Many years ago my former husband and I went to a professional dinner; we were seated with a couple we didn't know. As soon as we introduced ourselves, the men began to talk business, and I guess we did too. We began a conversation about our children. I no longer recall why, but she told me that she'd lost a child in his first few weeks of life. I murmured some appropriate words of condolence, and then I asked her what his name was. She began to cry, hesitated, and through her tears spoke his name: Alexander. She went on, still crying, to explain that she'd not said his name aloud since he'd been buried 15 years earlier. She thanked me for asking, and giving her the opportunity to speak aloud the name of this beloved and lost baby, rarely spoken of, and never named.

The very first legacy we receive at birth are our names. I quote here from chapter one "What's in a Name?" in my own book, Women's Lives, Women's Legacies:

Most of us take our names for granted, never fully exploring this essential part of our identity.

Your name connects you to your family and ethnic group, to your heritage. It marks the place in the world where you belong... Your name connects you to the past. It speaks of memory, legacy, and immortality, of a special relationship with the person for whom you were named.

From a legacy perspective, Memorial Day gives us an annual opportunity to make the secular sacred, to name, remember, communicate with, and preserve memories of family members and loved ones now gone.

Some suggestions/action steps:

1. Choose someone who's died who you want to remember today. He or she may be a war veteran (Afghanistan, Iraq, Gulf, Vietnam, Korea, WWII or earlier) or your parent or grandparent, a partner, a child. Choose someone whose memory you want to honor, someone who you cared about or loved, someone who was special in your life, someone who left legacies especially for you, perhaps someone for whom you were named.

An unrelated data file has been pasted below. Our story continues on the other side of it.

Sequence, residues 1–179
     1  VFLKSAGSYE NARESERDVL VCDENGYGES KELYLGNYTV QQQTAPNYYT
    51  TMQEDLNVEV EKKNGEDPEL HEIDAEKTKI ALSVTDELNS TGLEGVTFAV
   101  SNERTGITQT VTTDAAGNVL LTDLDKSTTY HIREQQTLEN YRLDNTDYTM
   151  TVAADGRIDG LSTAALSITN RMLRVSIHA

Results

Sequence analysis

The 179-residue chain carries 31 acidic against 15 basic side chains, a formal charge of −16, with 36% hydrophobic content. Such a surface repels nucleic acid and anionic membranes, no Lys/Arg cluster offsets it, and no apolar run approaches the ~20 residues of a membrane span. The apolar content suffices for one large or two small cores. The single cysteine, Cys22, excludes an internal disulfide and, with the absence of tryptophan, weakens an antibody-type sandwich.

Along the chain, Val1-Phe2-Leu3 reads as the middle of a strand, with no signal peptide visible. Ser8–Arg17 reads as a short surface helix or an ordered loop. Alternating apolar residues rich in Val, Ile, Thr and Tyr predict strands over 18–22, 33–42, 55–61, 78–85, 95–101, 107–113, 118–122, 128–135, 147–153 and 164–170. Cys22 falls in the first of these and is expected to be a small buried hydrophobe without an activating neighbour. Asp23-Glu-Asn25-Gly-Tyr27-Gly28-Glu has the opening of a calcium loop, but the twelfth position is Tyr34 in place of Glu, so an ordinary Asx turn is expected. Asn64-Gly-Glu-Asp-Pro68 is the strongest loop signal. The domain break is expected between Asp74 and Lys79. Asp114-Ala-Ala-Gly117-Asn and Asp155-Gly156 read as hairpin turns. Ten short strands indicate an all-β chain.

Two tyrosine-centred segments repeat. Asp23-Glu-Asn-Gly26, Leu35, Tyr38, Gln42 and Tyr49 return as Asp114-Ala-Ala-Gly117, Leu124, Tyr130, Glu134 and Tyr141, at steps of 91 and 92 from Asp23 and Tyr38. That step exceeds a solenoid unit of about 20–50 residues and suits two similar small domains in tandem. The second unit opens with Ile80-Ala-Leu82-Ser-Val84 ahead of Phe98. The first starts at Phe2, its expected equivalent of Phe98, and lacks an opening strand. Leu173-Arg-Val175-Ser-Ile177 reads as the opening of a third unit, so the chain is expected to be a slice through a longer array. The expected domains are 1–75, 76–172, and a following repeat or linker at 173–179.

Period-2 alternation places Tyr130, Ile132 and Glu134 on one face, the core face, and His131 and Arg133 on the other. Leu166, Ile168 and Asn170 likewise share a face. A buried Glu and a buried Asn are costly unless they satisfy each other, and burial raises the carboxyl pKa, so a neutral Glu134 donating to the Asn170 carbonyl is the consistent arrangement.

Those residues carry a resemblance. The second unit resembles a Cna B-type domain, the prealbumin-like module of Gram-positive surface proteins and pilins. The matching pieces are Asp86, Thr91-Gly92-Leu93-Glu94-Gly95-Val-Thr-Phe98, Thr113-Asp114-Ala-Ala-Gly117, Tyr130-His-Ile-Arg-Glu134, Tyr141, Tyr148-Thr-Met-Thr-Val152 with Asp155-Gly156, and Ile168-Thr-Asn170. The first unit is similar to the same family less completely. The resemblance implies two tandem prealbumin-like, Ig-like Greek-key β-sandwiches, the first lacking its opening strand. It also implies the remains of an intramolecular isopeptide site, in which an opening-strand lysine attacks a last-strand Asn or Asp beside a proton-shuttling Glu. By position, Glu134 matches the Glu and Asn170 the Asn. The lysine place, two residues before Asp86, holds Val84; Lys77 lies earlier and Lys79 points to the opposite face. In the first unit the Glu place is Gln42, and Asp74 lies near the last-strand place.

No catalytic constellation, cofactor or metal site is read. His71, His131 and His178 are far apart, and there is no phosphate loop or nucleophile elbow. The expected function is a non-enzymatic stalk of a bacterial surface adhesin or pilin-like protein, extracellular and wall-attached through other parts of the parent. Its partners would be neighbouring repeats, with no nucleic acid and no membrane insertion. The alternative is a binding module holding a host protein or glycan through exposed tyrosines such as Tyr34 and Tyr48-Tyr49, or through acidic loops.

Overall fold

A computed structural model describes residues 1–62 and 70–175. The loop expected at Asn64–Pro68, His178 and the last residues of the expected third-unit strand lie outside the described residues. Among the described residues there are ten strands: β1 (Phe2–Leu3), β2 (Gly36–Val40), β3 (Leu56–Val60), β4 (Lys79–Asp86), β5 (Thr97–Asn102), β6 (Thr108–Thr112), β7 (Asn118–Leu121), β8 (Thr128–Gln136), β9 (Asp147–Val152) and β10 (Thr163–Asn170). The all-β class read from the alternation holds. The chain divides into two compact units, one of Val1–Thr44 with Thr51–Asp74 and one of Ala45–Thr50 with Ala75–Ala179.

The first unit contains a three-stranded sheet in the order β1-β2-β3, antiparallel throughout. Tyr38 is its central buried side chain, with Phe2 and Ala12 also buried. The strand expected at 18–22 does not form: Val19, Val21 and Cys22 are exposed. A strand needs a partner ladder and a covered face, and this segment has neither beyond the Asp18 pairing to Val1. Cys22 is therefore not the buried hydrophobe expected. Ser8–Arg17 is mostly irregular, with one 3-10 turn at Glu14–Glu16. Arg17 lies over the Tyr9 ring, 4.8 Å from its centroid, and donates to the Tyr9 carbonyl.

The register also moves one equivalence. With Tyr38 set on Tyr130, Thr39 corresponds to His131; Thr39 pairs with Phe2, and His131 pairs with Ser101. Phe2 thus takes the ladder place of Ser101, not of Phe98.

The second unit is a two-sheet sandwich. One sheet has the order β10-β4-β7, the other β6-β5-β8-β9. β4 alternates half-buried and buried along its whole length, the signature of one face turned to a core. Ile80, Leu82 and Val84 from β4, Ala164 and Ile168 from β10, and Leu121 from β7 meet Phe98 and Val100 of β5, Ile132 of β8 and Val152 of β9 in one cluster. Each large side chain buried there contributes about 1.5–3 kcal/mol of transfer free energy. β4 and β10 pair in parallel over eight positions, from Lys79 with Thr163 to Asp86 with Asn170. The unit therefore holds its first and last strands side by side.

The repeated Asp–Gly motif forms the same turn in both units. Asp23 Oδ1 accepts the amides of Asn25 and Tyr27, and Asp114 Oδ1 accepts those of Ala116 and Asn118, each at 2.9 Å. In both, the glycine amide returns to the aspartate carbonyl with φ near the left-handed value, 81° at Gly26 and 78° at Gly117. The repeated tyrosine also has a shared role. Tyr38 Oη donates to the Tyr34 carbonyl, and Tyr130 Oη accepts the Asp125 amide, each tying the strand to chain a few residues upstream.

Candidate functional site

2. With your favorite pen and paper, write the person's name and today's date at the top of your paper.

3. Take a few minutes to focus your thoughts on the person you chose: reflect, remember, recall jotting notes as you do.

4. Next: Take no more than 15 minutes to write a letter to the person or your recollections about the person to capture and preserve your memories.

5. Consider sharing what you write with family or others who knew this person, perhaps making it part of the weekend's barbecue. Or consider inviting those at the pool party to share memories of or a legacy from a family member who has died. It may be the beginning of a new family tradition, a deepening of relationships with those in the conversation, or a legacy book to preserve memories that can be read again and again, added to each year. Take time to make this day a Memorial Day.

"May your Memorial Day be filled with the riches of memory as you remember your loved ones." -- Rachael Freed

You can find out more about communicating and preserving your legacy (ethical will) at or through e-mail,

Rachael Freed has published: Women's Lives, Women's Legacies, Passing Your Beliefs and Blessings to Future Generations, The Women's Legacies Workbook for the Busy Woman, and Heartmates: A Guide for the Spouse and Family of the Heart Patient. She is currently working on Your Legacy Matters: An Intergenerational Legacy Guide to be published early 2013. Senior Fellow at the University of Minnesota's Center for Spirituality and Healing, Rachael is a clinical social worker, adult educator and legacy consultant. Her home is Minneapolis, Minnesota. For more information, visit and Follow her on Twitter: